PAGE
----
Coalition aiding liberated communities through support for stabilisation projects; reaffirm commitment at key meeting in Baghdad today

On Wednesday 17 April 2019, the Coalition’s Stabilisation Working Group met in Baghdad, the first such meeting in the Iraqi capital, and since Daesh’s total loss of territory in both Iraq and Syria.

On Wednesday 17 April 2019, the Coalition’s Stabilisation Working Group met in Baghdad, the first such meeting in the Iraqi capital, and since Daesh’s total loss of territory in both Iraq and Syria. Ambassador William V. Roebuck (Deputy US Special Envoy to the Coalition), Marta Ruedas (UNDP Deputy Director), and Nancy Jamal (Official Coalition Representative) were in attendance of the landmark meeting.

The Group, co-led by the UAE, Germany, and the USA, has been assisting the government of Iraq since early 2015. It coordinates and promotes international stabilisation efforts in areas liberated from Daesh in Iraq and Syria. The stabilisation of these areas is crucial to ensuring the long-term defeat of Daesh, setting the groundwork for communities—including those targeted for genocide by Daesh—to recover, denying terrorists the ability to regenerate or reclaim lost ground.

In Syria, the Coalition-led Syrian Democratic Forces have liberated over 3.2 million civilians; Global Coalition members continue to provide stabilization and early recovery assistance through U.S. government mechanisms, the UN, and the Syria Recovery Trust Fund. The Coalition will continue to support international efforts to establish local security and local governance to restore the economy in areas liberated from Daesh.

In Iraq, the Coalition has supported the Government of Iraq, local faith-based groups and the UNDP Funding Facility for Stabilization (FFS).  27 partners have committed over $1 billion to the UNDP’s FFS, including Germany’s pledge in October 2018 of over $100 million. In addition, in April 2019 Chargé d’Affaires Joey Hood announced that the United States government intends to provide an additional $100 million. From this fund, the UNDP has in planning, begun, or already completed over 3,100 stabilization projects in 31 liberated areas, helping to facilitate the return of nearly 4.2 million displaced Iraqis. In addition, FFS projects have given 818,000 people improved access to healthcare, 1.3 million have improved access to clean water, and 1.8 million people with improved access to reliable electricity.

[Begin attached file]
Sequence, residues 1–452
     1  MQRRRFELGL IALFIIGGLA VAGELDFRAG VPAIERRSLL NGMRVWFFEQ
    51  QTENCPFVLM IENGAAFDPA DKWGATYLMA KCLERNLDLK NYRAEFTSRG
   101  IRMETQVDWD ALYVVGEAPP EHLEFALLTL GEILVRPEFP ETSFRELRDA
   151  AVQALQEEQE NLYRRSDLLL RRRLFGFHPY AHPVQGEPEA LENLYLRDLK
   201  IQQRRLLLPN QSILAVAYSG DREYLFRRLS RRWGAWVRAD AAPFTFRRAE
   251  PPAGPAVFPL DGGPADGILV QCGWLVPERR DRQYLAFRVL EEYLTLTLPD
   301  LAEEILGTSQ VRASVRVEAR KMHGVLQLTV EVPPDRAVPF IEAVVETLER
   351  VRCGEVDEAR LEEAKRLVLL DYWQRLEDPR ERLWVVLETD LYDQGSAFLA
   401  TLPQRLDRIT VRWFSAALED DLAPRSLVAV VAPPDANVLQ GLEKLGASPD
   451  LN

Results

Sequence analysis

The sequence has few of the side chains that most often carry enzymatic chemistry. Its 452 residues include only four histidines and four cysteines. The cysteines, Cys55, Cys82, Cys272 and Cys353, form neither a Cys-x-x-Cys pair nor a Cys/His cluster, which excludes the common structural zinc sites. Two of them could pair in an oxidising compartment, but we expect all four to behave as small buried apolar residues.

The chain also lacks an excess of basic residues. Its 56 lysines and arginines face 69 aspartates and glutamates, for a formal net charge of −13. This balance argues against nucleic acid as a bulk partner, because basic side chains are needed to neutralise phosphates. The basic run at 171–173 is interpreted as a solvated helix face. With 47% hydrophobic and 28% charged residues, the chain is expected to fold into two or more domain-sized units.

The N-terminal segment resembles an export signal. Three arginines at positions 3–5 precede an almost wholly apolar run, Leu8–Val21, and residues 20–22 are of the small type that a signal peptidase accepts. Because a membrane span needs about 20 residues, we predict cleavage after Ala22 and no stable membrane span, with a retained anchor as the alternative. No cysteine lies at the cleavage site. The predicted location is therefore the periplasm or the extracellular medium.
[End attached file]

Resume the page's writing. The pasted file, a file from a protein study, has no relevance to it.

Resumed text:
For women and girls specifically, 2.7million have benefited from the FFS, including 240,000 who have benefited from education projects, and over 1,000 women who have participated in livelihood projects (including cash grants and work opportunities). Women’s dormitories and faculties have also been rehabilitated in Tikrit, Fallujah, Ramadi and Mosul, supporting over 4,000 women in higher education.

While great progress has been made, there is still a lot of work to be done and funding required to complete crucial projects stabilising liberated areas. The Stabilisation Working Group does not consider the stabilisation process complete, and will continue to work with its members to ensure momentum is maintained in these areas. The projects will also take time, as the process of stabilising an area is complex. As an example, the clearance of the explosive hazards left behind by Daesh is extremely difficult, often due to the methods employed by the group to hide these devices. Until such clearance takes place, work to rehabilitate critical infrastructure cannot begin.

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